‘How far-right conspiracy theories seduced the left’
Your digest of analysis from the British and international press
George Monbiot in The Guardian
It’s shocking to see so many leftwingers lured to the far right by conspiracy theories
on individualist hippies
“It’s an uncomfortable thing to admit, but in the countercultural movements where my sympathies lie, people are dropping like flies,” writes George Monbiot for The Guardian. Acquaintances are becoming “seriously ill with Covid, after proudly proclaiming the benefits of ‘natural immunity’, denouncing vaccines and refusing to take the precautions that apply to lesser mortals”, he says. Mourning what he sees as anti-vaccine conspiracy theories “travelling smoothly from right to left”, he writes of “hippies who once sought to build communities sharing the memes of extreme individualism”. Granting that “there has long been an overlap between certain new age and far-right ideas”, Monbiot adds that “much of what we are seeing at the moment is new” because “the old boundaries have broken down, and the most unlikely people have become susceptible to rightwing extremism”. He concludes that the trend has been “accelerated by despondency, confusion and betrayal” on top of the Covid pandemic. However, “there’s a temptation to overthink this”, he says: “we should never discount the role of sheer bloody idiocy”.
The New York Post editorial board
Biden’s vacuous platitudes at the UN won’t fix his tattered global image
on blah and blather
“US presidents rarely look to make waves with speeches to the annual United Nations General Assembly,” says a leader in the New York Post, but President Joe Biden’s talk “actually challenged global leaders… to stay awake.” He “lectured” countries to “act together” to prevent pandemics and fight climate change, to meet “the challenges” we face by “looking to the future”. “Blah, blah, blah, blah, blah,” says the paper’s editorial board, which accuses the Democrat of “empty claims” and of a diplomacy that means US interests “will again take a back seat to whatever the world body’s thugs and corruptocrats prefer”. It concludes that “the worst world leaders surely loved Biden’s blather (if they didn’t nod off), while America’s friends frantically try to figure out how to handle the leadership vacuum in Washington”.
Philip Johnston in The Telegraph
The grim spectre of the 1970s haunts politicians to this day
on eerie discontent
“The auguries are eerily familiar to anyone who lived through the Seventies,” writes Philip Johnston for The Telegraph. “An energy crisis, rising inflation, price controls, massive indebtedness and complacent ministers insisting that there is nothing to worry about.” Forty years on, he explains, the winter of discontent is “a period that continues to cast a pall over politics”. Johnston says that although “ministers are going out of their way not to sound alarmist”, as in the 1970s, matters are “beyond their control”. Therefore, he argues, this reassurance comes over more as “worrying insouciance”. He concludes that “if Boris Johnson’s famed luck runs out, this winter could be bad, even worse, indeed, than the lockdowns. Now, where did I put those candles?”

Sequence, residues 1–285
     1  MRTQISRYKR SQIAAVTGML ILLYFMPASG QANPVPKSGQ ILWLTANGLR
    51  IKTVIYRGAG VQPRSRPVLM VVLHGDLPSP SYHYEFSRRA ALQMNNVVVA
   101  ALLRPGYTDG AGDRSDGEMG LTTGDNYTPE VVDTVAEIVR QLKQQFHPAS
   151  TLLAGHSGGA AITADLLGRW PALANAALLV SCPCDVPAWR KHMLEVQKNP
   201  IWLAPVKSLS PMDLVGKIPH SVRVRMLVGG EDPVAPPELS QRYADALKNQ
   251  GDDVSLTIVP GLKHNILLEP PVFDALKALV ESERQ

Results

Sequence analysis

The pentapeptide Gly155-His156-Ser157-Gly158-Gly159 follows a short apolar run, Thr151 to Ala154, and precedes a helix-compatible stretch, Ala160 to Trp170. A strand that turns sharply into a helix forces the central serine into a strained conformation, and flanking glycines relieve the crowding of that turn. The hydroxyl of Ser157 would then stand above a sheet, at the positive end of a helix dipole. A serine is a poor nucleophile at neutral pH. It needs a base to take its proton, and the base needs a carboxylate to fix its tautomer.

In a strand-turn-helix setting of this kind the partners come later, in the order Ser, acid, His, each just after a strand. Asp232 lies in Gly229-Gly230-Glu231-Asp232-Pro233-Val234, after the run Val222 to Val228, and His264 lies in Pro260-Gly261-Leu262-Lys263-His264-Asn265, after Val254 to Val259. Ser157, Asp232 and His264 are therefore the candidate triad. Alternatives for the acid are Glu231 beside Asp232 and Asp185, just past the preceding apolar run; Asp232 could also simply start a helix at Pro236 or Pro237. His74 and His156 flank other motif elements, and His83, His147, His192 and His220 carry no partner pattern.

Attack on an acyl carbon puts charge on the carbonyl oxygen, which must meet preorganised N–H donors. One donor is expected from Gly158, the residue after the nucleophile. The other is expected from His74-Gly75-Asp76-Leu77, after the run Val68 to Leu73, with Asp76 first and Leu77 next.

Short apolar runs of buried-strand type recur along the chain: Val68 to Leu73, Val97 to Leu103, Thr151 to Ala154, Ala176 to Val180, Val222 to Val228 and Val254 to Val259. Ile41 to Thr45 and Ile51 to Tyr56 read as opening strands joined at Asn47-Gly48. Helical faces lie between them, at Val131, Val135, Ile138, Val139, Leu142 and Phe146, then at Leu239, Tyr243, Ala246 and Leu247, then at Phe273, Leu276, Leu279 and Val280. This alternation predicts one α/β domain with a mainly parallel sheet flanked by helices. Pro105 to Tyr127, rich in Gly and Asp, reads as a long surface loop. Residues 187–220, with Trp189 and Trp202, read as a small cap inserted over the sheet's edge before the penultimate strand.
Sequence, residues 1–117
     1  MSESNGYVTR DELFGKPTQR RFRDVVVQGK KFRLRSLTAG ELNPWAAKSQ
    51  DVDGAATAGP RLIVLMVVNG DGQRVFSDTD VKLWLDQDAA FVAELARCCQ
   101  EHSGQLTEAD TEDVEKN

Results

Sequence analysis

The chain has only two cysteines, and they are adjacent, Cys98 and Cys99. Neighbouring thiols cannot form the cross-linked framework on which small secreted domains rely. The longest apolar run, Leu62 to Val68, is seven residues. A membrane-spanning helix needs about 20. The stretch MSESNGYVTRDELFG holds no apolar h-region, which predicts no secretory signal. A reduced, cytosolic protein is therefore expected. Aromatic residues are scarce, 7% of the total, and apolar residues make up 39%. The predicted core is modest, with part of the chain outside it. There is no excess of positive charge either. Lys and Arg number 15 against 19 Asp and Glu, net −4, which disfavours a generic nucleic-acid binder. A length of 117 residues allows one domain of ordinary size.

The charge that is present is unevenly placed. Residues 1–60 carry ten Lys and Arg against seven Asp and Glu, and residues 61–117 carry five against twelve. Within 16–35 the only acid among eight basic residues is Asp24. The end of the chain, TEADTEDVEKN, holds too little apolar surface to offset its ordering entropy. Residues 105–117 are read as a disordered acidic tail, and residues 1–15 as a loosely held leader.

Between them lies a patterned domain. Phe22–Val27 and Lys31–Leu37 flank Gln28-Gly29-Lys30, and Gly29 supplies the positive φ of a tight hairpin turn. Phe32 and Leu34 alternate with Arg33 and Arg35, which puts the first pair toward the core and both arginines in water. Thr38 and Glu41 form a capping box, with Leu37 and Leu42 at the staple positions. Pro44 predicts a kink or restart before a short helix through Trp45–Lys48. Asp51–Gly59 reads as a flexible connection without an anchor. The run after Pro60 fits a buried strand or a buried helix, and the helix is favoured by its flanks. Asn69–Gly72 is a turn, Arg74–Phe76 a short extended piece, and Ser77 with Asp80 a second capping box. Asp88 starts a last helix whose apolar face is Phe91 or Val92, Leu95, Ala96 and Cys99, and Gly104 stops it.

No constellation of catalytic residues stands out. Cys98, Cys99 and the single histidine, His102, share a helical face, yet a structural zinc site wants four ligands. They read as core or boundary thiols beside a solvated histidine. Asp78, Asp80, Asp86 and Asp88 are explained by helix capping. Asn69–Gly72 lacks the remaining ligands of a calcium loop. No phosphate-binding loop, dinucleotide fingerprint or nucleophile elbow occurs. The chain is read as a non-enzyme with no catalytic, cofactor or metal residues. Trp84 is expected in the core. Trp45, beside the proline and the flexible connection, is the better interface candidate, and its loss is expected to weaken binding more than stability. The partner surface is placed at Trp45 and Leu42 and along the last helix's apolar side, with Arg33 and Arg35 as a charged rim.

Yasmin Alibhai-Brown in The i
As Angela Merkel steps down, her kindness to refugees is in stark contrast to Priti Patel’s lack of compassion
on a crass approach
Yasmin Alibhai-Brown says she will never forget the day in August 2015, when Angela Merkel said: “Wir schaffen das” (“We can do this!”) and allowed over a million displaced people to settle in Germany. “Compare and contrast Merkel with our Home Secretary, Priti Patel, whose own family, like mine, was forced to leave Uganda,” continues The i columnist. “We started over again and remade our lives. Yet when she talks about migrants and asylum seekers it’s like a dragon breathing out fire. There is no compassion, no vision, no plan, only a growing list of strict, impossible regulations.” The Tories now in charge are “feral, unbeholden to international treaties, crass and careless about suffering humans outside these isles”, mourns Alibhai-Brown. “Merkel was the opposite.”
Rupert Hawksley for The Independent
Marcus Rashford is now on the GCSE syllabus – exactly where he belongs
on a class act
“You would have to be very stupid and oddly traditional – obsessed with, say, imperial weights and measures – not to see the benefits of teenagers learning more about Rashford and the ways he has harnessed the media to promote his campaigns on food poverty and free school meals,” writes Rupert Hawksley for The Independent. The columnist says “we should applaud AQA for its willingness to put together an original and creative syllabus” and that he hopes “parents, surely, will have no objections to their sons and daughters learning about a young footballer who has tackled food poverty, promotes reading and cares deeply about fighting racism in the UK?” He also hopes that “we are coming to the end of the era in which reality television stars and ‘celebrities’ are idolised; when being famous is a goal in itself” because “young people now look to those with drive and decency”. Rashford, he concludes, “is at the top of that list and absolutely belongs on the academic syllabus”.